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HOME FORCE BASEBALL GLORY HAND VENUS ASIA MAPS
Earth, Fire, Water, Air, Mapping the World and the Elements

Maps are so common today that we use them in our cars, rely on them in real estate transactions and download them from the Web. But before 1600, they were jealously guarded secrets that nations used to stake their claims on "new" lands.

However, as printed books became popular, the public demand for maps and atlases (collections of maps in bound form) also grew. Henricus Hondius' ornately decorated world map first appeared in the 1633 edition of the Atlas that was originally published in 1595 by the Flemish cartographer Gerard Mercator and subsequently published by the Hondius family. The world is depicted in two hemispheres, which are bordered by the representation of the four elements of fire, air, water and land as well as portraits of Julius Caesar, the second century A.D. geographer Claudius Ptolemy, and the atlas' first two publishers, Mercator and Hondius.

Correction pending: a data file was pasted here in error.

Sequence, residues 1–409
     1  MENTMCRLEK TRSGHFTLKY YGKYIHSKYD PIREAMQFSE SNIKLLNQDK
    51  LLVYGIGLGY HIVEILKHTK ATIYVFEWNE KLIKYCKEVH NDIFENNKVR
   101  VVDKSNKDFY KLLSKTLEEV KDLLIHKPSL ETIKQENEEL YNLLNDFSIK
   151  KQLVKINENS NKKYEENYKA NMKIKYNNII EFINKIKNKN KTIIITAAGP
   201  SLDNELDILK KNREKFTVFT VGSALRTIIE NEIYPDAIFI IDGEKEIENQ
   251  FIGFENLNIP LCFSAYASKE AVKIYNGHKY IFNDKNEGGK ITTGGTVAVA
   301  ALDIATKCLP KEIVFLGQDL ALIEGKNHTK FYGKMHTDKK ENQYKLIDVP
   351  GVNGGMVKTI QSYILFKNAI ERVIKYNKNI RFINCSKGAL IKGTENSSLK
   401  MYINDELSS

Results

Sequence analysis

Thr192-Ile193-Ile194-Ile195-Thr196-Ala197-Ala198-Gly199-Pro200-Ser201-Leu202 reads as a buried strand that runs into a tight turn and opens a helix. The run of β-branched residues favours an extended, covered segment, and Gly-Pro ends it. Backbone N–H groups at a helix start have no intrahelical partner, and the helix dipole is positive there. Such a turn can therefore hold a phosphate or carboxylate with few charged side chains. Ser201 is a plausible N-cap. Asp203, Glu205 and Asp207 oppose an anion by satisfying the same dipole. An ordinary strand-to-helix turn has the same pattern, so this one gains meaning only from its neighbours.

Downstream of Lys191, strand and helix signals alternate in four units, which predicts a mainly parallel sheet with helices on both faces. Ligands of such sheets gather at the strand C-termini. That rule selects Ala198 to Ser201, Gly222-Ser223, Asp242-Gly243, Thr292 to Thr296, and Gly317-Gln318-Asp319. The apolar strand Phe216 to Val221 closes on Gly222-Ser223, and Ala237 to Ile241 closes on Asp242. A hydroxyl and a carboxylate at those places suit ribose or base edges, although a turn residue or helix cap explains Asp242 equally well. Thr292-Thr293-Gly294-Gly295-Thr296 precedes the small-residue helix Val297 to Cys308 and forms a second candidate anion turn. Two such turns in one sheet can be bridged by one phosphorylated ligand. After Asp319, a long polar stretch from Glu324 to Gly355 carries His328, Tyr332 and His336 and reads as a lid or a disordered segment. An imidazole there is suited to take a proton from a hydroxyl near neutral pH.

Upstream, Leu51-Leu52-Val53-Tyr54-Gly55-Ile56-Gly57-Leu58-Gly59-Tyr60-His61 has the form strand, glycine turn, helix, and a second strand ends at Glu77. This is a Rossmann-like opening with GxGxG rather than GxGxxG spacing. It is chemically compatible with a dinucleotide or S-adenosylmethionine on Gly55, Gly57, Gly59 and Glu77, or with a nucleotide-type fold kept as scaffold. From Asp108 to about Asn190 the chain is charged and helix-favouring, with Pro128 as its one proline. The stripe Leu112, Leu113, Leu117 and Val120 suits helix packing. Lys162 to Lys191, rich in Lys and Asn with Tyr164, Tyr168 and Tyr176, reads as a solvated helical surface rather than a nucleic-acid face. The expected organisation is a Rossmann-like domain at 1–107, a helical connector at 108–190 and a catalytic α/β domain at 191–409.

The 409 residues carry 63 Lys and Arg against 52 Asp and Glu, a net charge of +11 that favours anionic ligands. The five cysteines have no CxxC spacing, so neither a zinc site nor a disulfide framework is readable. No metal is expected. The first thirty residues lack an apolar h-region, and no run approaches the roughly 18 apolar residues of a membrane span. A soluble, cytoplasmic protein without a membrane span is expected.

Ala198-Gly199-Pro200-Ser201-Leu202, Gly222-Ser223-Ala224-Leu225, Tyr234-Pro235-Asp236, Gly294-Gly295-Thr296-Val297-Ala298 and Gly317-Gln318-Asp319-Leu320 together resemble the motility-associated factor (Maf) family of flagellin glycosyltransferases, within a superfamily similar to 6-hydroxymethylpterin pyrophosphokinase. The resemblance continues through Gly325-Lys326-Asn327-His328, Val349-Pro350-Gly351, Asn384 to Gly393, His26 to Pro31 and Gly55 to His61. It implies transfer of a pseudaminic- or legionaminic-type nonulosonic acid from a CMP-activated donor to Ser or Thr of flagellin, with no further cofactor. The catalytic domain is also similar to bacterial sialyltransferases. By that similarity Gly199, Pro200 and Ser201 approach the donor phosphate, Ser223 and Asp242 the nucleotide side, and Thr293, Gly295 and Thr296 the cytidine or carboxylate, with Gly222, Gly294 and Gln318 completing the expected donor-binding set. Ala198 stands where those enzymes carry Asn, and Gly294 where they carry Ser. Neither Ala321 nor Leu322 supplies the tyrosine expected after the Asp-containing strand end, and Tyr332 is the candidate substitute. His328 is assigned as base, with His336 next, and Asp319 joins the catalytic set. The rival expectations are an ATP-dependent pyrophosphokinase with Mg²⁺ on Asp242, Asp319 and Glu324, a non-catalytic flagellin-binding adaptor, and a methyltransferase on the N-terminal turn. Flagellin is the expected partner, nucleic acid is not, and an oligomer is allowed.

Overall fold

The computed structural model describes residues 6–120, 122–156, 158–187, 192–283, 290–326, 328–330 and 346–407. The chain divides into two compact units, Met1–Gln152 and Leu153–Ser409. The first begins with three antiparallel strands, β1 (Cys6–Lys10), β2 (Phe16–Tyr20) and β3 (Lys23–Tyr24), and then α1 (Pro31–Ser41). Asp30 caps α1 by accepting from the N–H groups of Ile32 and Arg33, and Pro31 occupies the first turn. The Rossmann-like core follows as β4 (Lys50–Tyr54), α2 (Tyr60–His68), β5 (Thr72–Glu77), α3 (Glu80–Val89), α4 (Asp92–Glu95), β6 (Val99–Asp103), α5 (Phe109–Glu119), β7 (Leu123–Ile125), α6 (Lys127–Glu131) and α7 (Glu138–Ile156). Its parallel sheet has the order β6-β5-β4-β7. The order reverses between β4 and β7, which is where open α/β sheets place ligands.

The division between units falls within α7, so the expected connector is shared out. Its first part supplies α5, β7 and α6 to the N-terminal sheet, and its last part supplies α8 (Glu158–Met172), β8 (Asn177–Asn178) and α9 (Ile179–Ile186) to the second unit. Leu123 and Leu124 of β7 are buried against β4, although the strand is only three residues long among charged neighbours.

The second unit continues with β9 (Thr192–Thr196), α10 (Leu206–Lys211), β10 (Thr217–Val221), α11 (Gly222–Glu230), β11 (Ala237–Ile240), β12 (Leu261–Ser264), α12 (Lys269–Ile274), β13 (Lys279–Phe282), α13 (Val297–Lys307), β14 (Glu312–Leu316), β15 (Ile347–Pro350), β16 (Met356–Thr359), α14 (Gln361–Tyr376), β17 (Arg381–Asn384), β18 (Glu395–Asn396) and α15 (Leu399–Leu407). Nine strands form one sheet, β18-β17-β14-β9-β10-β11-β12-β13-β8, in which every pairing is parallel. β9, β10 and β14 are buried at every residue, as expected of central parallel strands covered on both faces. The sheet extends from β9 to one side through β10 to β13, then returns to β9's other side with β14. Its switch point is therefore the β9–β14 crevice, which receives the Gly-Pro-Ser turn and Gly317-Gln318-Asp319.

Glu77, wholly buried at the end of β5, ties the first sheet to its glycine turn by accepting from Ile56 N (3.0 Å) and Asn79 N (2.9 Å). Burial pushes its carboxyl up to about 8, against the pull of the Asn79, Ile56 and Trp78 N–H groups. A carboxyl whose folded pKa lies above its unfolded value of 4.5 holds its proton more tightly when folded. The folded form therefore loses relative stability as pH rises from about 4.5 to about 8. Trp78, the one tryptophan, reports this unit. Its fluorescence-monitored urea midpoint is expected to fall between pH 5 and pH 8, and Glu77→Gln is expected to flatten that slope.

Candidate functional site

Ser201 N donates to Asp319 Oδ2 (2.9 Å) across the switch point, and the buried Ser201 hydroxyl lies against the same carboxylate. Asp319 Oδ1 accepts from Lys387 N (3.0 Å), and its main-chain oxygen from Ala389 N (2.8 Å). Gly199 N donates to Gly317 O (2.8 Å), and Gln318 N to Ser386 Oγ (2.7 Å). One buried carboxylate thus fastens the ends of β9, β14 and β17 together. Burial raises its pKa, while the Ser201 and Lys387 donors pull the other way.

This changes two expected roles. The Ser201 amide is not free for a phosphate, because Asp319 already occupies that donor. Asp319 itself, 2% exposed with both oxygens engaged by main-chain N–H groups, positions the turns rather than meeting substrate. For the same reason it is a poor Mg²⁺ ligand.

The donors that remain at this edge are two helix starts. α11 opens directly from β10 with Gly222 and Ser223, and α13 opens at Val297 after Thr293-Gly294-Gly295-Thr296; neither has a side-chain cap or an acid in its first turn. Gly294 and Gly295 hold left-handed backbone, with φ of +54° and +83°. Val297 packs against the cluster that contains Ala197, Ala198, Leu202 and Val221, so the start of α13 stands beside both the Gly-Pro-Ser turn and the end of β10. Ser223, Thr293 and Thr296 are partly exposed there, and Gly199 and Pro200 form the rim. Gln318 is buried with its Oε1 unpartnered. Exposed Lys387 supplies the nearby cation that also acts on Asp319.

This was one of the earliest printed maps of both 'new' and 'old' worlds.  

Read all about to the Library of Congress Geography and Map collections in a special illustrated guide:
http://www.loc.gov/rr/geogmap/guide/

Examine the Library's online map collections:
http://memory.loc.gov/ammem/gmdhtml/gmdhome.html

Look at maps of locations currently making headlines in "Places in the News":
http://memory.loc.gov/ammem/gmdhtml/plnews.html


A. This was one of the earliest printed maps of both "new" and "old" worlds. The Geography and Map Division of the Library of Congress has more than 4.5 million maps in its collections, with items ranging from 14th-century charts to recent satellite geographic data. Geography and Map Division, Library of Congress


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